Walk, Bolstone Woods,
Gannah Farm and Trilloes Court Wood
6th November, 2005
This wood known for its diversity of wildlife has been
designated A County Wildlife Site and is managed by rotational
coppicing. Oak, ash, chestnut, conifers and other species are
identifiable and deer are to be found. In the 1800s Upper and
Lower Bolstone Woods formed one large wood of 266 acres
belonging to the Duchess of Norfolk of Holme Lacy. The timber
grown was ‘Oak and Ash and Coppice of Alder, Hazel etc’, and
between 1801 and 1804 the wood was cut.
The wood continued as part of the Holme Lacy estate which
passed from the Duchess of Norfolk to Sir Edwin Francis
Scudamore Stanhope and onto the Earl of Chesterfield before
being sold to Sir Robert Lucas-Tooth after a three day auction
sale in 1911. Under his ownership the wood of 192 acres was
worked by John Harris, William Raymond and Henry Williams, and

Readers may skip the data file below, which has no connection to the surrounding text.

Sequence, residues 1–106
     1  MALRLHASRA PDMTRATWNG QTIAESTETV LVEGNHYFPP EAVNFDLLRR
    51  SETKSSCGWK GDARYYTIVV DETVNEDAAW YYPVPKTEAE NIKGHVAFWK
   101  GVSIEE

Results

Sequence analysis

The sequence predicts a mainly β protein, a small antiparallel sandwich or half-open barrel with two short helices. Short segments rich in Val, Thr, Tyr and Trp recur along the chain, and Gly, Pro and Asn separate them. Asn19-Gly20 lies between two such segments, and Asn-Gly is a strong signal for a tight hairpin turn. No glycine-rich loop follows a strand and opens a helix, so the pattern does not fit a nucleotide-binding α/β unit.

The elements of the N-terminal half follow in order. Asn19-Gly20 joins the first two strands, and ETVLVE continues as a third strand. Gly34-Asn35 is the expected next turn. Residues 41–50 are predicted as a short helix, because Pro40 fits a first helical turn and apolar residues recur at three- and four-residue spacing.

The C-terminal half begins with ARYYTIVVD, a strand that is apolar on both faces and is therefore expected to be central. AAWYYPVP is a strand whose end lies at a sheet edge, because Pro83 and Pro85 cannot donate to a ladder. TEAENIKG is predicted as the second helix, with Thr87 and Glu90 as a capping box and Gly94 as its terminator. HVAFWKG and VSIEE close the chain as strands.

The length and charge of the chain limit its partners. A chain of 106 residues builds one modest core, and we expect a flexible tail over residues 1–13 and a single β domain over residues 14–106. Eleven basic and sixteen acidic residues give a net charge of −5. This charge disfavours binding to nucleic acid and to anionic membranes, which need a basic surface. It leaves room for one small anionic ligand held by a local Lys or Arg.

in 1920 Lower Bolstone Wood contained a fine growth of
Excellent Timber’, and the Lower Wood had ‘a good growth of
straight timber’. Before 1926 Upper Bolstone Wood had been
felled leaving ‘numerous healthy saplings and Underwood’, and
did not sell at auction, whereas Lower Bolstone Wood with its
thriving mixed Timber Trees of good dimensions, principally
Oak and Ash with Underwood’ worth £2,900 was sold.
walked through Bolstone Woods, Sunday 6th
November. The walk started at Trilloes Court Wood,
Bolstone and proceeded through Upper Bolstone Wood to Gannah
Farm. It then passed through Lower Bolstone Wood to Bolstone
Church and then to the site of Trill Mill. Before returning to
the starting point it passed through Trilloes Court Wood where
there the group viewed a little-known medieval moated site.
Part of this last stretch was through private property and was
by kind permission of the owner.
The walk was led by
Heather Hurley and David Lovelace.
The area in
the 1880s on
the 1st edition OS map. The centre of Bolstone Wood has been
converted to farmland. The western part of the wood has become
Upper Bolstone Wood and the eastern part Lower Bolstone Wood.
Kelly's Directory of 1879 describes the soils of
(then Boulstone) as being clay and the principle crops as
wheat, oats and beans.